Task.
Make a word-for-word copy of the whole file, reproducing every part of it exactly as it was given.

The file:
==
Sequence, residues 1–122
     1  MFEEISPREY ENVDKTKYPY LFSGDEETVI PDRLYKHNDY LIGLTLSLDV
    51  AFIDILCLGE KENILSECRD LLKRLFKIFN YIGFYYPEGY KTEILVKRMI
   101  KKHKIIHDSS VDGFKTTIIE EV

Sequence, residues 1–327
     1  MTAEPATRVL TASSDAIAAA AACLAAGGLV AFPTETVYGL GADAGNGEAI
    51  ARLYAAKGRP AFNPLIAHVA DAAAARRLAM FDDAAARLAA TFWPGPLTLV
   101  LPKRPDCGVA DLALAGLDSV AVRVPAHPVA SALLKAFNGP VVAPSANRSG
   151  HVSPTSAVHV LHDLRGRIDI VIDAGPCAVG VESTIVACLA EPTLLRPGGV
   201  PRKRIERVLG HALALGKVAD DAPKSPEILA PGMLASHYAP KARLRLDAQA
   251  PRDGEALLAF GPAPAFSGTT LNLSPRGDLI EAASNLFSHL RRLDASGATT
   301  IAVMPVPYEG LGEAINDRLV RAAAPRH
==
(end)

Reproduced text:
Sequence, residues 1–122
     1  MFEEISPREY ENVDKTKYPY LFSGDEETVI PDRLYKHNDY LIGLTLSLDV
    51  AFIDILCLGE KENILSECRD LLKRLFKIFN YIGFYYPEGY KTEILVKRMI
   101  KKHKIIHDSS VDGFKTTIIE EV

Sequence, residues 1–327
     1  MTAEPATRVL TASSDAIAAA AACLAAGGLV AFPTETVYGL GADAGNGEAI
    51  ARLYAAKGRP AFNPLIAHVA DAAAARRLAM FDDAAARLAA TFWPGPLTLV
   101  LPKRPDCGVA DLALAGLDSV AVRVPAHPVA SALLKAFNGP VVAPSANRSG
   151  HVSPTSAVHV LHDLRGRIDI VIDAGPCAVG VESTIVACLA EPTLLRPGGV
   201  PRKRIERVLG HALALGKVAD DAPKSPEILA PGMLASHYAP KARLRLDAQA
   251  PRDGEALLAF GPAPAFSGTT LNLSPRGDLI EAASNLFSHL RRLDASGATT
   301  IAVMPVPYEG LGEAINDRLV RAAAPRH